February Mortgage Update: Mortgage misconceptions or why you should not get your financial advice from the MMM forum

Last month (January):
Balance:$15,645.52
Years left: 1.166667
P =$1,147.93, I =$66.47, Escrow =$809.48

This month (February):
Balance:$14,493.05
Years left: 1.083333333
P =$1,152.47, I =$61.93, Escrow =$809.48

Amount saved from prepayment:  $0

Because of my addictive personality, I’m not allowed to join any forums.  That doesn’t mean though that I don’t occasionally read fora even though I can’t participate.  Occasionally I have to say something, and since I’m not allowed to join, the something gets to spill over onto the blog.

In this case the forum in question is Mr. Money Moustache’s, and the “someone is wrong” thing is a few misconceptions about mortgages.  I know we’ve written about them before, but they obviously bear repeating!

  1. Mortgages work differently than student loans or credit card debt because they keep the payment the same each month and just remove months off the end with pre-payments.  That means that payments early in your mortgage are worth more than payments later in your mortgage because the mortgage, unlike other investments, doesn’t reamortize each month.  That means the amount you’re saving from pre-paying is different depending at what point you’re at in the mortgage.  You can see this by looking at an amortization spreadsheet, like this one from GRS.
  2. A common misconception is that you are increasing your risk pre-paying the mortgage because you can’t get the money back in an emergency unless and until you pay the entire thing off (and thus finish your mortgage payments).  That’s not actually true.  If you prepay your mortgage, you can, in an emergency, re-cast/re-amortize for a small fee (usually ~$250) and get lower monthly payments by lengthening the amount of time that you continue paying on the mortgage.  For example, right now my mortgage payment is a little over $2000/mo with 1.08333 years left.  If I re-amortized, my payment would be just a little bit more than what I’m paying for escrow, but I would be paying that sum over 13.4 years instead.  (And I have to pay for escrow even if the mortgage is gone!)  All that pre-payment means that in an emergency I can cut my monthly required payment, even though there’s still time left on the mortgage.  You don’t end up with quite as much ready cash so if you’re expecting an emergency you should keep it, but if the emergency is a low-probability event that may happen after years of pre-payment, you can likely recoup enough in lowered payments to get you through for quite a while.  [note that if you have a nonstandard mortgage, the rules may be different — you may not be able to as easily reamortize an adjustable rate mortgage.  Check with your lender if this is a concern. ]

Are there any money misconceptions that bother you?  What do you do when someone is wrong on the internet?  Do you belong to any fora?

43 Responses to “February Mortgage Update: Mortgage misconceptions or why you should not get your financial advice from the MMM forum”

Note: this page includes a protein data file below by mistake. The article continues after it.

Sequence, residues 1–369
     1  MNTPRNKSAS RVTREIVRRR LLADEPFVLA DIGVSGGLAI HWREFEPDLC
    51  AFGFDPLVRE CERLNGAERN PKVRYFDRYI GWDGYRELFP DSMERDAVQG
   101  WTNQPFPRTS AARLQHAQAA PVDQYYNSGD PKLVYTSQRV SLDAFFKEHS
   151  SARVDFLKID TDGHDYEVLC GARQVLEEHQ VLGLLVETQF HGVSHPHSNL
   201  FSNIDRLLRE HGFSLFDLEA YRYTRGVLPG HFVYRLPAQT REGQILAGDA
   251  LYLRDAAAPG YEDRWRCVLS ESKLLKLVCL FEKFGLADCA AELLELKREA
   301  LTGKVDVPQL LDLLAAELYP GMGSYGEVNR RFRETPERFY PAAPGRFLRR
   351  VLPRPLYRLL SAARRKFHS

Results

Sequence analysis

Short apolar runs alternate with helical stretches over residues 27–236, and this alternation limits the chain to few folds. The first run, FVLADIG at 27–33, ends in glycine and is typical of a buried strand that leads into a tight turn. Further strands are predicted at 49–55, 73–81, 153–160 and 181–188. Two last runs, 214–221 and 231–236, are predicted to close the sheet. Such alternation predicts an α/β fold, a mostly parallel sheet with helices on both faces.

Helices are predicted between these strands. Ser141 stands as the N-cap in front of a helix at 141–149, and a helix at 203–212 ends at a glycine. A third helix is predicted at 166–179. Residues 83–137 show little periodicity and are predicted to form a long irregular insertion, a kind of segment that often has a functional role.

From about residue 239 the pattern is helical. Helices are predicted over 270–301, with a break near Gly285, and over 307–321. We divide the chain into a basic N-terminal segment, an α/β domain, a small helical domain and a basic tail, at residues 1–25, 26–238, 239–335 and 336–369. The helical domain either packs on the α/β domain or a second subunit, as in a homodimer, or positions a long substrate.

1. Leah Says:

    How is this different from student loans? If you pre-pay, does that lower the monthly payment? In my one student loan, I prepaid the entire amount the month before it was going to start accruing interesting, so I’m not 100% sure. But I though my husbands’ students loans stayed the same each month even though he prepaid.

    Money misconceptions that bother me:
    – how much an item cost as an excuse for not selling/needing to recoup money even tho something continues to cost money (like a piece of property or a car). Cut your losses!
    – buying something on sale “saves” money. ARGH. Only if you would have bought it regardless. Maybe you should stop shopping instead.

    • nicoleandmaggie Says:

      I think it depends on the student loan. Not a lot if experience here either.

      • becca Says:

        Student loans vary. For mine, I think the default was “applies as early payment of next month”. That is, it *neither* reduced the term of the loan *nor* reduced the amount of interest paid. You had to indicate you wanted an extra payment applied to the principal, which I always felt was a dirty rotten trick if you are trying to pay down your loans. And it can be even more complicated if you have multiple loans with the same servicer. *shakes tiny fist in fury at Sallie Mae* SO glad I do not have to deal with this, even if my loan payment was small and the interest rate not appalling.

      • Norwegian Forest Cat Says:

        My student loans also apply overpayments toward the next payment, regardless of the amount. However – I also have an interest rate deduction that’s coupled to auto-debit, so I have to pay the same amount of money every month and the lender just re-distributes it across the loans that haven’t been paid ahead (+ interest accrued on the ones that have been paid ahead). In time this will mean the term of repayment is shortened, but the only way to change your monthly payment is to go through your lender to switch to one of the other payment plans (instead of standard, you can pay based on income over a longer time frame).

      • nicoleandmaggie Says:

        Unscrupulous mortgage lenders will also apply pre-payments to the next month if you don’t specify you want it to pay down principal.

  2. Bardiac Says:

    Another thing about mortgage prepayment is that in an emergency, you might be able to get a loan based on the equity in your house. It may not be ideal, but emergencies are rarely ideal.